SD: I would say so. And I think that we want to be realistic. We want to see things happening straight away. And we do believe that it is an option that will enable the manufacturers to be credible in a dimension that will be also profitable for them. With all due respect thinking that electrification will hit the whole world in two years - we know that it's not possible. Therefore, also, from the technical point of view, a strategic choice to be sustainable with hybrid engines, we believe is the right one. And that's the reason why we have a lot of interest from other manufacturers in coming on with us.

GM: Sport obviously has a lot of attributes that are positive, we think we can be positive by going places like Africa and expanding the audience, and expanding the interest in motorsport around the world. That's not necessarily the place where we're going to make the most money. But if you invest for the long term, we think it's the right opportunity. Thinking about sustainability. In the US case, I know pretty well, that there are 250 million cars in the US, 200 million of which run. They last an average of about 11 years plus,  people buy used cars. At best, we have 15 to 17 million new cars a year. If you do the math, even if the third or half is electric, it's going to take a very long time before you do anything to clean out the existing 200 million car base. The reality is if we want to really attack carbon, coming up with other ways to fuel the existing 200 million cars is really the right and best answer. I'm not saying we're going to cure that all. But if we can contribute to that knowledge, if we can contribute with our work on sustainable fuels, I think it's a positive.

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Financial Times and Motorsport Network event
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Photo by: Steven Tee / Motorsport Images

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Financial Times and Motorsport Network event
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Photo by: Steven Tee / Motorsport Images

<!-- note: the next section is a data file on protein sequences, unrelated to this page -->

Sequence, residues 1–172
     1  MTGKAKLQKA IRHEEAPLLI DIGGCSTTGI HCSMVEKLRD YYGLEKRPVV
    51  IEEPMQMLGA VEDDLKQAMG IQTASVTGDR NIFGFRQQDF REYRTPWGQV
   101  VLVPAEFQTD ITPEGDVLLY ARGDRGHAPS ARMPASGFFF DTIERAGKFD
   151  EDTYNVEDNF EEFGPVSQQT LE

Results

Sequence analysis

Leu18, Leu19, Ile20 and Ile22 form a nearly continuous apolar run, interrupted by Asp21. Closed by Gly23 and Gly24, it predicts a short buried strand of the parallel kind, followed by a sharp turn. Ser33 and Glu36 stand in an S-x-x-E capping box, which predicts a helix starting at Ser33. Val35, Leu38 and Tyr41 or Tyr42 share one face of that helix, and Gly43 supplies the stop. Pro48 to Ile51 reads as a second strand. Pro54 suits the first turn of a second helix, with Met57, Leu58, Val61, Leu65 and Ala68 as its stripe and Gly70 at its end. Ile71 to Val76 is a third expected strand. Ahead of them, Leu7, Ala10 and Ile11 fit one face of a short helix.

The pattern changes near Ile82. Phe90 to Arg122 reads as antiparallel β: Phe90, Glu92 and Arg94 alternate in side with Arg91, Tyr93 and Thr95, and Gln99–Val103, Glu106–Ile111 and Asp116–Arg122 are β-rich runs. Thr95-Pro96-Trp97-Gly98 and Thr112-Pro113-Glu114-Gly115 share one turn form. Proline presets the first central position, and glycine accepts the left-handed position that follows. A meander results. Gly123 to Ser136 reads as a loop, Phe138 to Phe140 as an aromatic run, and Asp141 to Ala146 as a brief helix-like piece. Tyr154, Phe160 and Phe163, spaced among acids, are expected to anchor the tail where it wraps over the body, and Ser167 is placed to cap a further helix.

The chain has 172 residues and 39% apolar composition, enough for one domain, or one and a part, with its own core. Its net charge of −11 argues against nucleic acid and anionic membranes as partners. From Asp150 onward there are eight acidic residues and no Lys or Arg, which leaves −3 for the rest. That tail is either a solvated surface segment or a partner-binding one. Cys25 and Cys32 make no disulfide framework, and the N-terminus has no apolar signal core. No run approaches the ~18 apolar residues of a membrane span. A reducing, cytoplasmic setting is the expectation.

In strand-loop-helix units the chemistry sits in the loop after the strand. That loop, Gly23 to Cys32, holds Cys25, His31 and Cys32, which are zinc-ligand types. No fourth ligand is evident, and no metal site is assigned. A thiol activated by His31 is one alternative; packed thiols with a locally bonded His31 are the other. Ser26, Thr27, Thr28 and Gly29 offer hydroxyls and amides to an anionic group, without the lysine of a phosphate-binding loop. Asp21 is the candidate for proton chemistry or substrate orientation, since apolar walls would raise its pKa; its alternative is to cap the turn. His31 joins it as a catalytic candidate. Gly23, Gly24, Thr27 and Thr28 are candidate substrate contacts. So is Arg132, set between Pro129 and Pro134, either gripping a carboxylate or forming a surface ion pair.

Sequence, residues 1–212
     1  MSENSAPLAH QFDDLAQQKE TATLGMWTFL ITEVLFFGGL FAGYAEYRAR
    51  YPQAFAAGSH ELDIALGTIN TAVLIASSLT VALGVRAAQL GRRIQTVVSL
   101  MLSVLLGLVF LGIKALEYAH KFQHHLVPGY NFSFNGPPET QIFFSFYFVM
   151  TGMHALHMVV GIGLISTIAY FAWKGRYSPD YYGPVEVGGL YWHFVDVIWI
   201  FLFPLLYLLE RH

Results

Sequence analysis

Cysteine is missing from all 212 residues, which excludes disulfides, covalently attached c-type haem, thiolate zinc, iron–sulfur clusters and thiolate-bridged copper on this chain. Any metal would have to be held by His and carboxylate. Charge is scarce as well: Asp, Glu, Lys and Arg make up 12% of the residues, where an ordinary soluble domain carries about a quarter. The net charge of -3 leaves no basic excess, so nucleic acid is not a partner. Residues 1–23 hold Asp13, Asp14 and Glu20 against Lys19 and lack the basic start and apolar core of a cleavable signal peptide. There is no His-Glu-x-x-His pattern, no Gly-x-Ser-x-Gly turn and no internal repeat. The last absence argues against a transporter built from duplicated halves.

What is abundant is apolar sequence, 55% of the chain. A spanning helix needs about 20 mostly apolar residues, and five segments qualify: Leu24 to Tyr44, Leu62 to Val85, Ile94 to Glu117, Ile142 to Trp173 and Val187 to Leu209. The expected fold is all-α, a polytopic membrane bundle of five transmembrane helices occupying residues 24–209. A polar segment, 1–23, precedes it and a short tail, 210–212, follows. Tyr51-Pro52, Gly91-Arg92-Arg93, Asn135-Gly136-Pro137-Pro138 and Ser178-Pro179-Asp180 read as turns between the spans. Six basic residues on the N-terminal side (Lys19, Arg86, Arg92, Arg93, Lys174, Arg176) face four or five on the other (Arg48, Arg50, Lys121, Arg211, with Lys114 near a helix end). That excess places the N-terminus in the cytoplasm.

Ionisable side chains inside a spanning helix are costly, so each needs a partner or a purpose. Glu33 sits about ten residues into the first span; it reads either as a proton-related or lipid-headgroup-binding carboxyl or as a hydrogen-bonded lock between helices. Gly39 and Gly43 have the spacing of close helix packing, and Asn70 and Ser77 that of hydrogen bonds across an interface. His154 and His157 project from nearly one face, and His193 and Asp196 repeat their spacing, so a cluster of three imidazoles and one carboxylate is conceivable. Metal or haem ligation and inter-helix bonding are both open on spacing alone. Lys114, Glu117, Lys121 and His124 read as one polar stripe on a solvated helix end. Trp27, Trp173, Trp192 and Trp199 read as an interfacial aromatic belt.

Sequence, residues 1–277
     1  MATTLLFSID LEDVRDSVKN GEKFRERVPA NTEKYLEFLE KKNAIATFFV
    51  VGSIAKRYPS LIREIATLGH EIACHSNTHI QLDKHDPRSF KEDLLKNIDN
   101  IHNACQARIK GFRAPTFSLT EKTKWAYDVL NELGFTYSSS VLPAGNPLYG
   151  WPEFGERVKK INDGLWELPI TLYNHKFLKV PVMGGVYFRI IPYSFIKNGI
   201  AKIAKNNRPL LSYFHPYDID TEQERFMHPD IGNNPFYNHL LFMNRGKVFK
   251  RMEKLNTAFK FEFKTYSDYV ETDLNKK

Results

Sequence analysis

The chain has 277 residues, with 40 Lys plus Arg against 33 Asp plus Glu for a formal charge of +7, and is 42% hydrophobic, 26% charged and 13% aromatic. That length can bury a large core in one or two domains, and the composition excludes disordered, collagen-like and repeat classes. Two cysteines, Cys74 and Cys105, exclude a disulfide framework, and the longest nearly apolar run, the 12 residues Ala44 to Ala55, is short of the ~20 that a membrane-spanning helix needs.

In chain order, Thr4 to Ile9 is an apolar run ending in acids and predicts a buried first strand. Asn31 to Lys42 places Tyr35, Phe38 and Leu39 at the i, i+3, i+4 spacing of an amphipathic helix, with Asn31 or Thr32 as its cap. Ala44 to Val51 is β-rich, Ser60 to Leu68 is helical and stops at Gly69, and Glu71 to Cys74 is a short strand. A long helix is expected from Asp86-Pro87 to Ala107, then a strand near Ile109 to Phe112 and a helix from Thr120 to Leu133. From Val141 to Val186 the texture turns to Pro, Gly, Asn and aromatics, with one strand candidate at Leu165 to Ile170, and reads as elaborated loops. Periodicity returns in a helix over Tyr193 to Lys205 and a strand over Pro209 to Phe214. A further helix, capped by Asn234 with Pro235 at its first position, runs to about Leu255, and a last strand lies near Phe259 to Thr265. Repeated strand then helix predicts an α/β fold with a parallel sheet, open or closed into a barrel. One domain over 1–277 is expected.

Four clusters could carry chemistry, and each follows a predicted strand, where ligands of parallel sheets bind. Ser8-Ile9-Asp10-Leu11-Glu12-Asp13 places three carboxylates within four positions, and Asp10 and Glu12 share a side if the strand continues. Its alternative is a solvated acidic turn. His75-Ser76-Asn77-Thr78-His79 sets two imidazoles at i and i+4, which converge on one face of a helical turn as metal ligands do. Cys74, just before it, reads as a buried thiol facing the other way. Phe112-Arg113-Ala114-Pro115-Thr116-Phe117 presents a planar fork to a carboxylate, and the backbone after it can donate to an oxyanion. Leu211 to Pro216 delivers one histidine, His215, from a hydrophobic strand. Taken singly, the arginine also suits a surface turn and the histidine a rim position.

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Financial Times and Motorsport Network event
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Photo by: Steven Tee / Motorsport Images

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Financial Times and Motorsport Network event
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Photo by: Steven Tee / Motorsport Images

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Financial Times and Motorsport Network event
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Photo by: Steven Tee / Motorsport Images

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Financial Times and Motorsport Network event
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Photo by: Steven Tee / Motorsport Images

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Financial Times and Motorsport Network event
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Photo by: Steven Tee / Motorsport Images

We’ve talked about five years of Liberty Media ownership, and you've delivered a lot of things you said you were going to deliver. What about the next five years?

GM: We have the benefit of the stewardship of a 72-year-old enterprise. So we think about the long term and what it will do. We have a lot of interest now. We want to sustain the growth of that interest more broadly. And doing things like going to Africa and doing things about sustainability is all thinking about how we grow this 72-year-old franchise for the next five years and the five years beyond that. There's a huge amount of momentum now we'd like to capitalise on that. Not just financially, but for the breadth of the sport.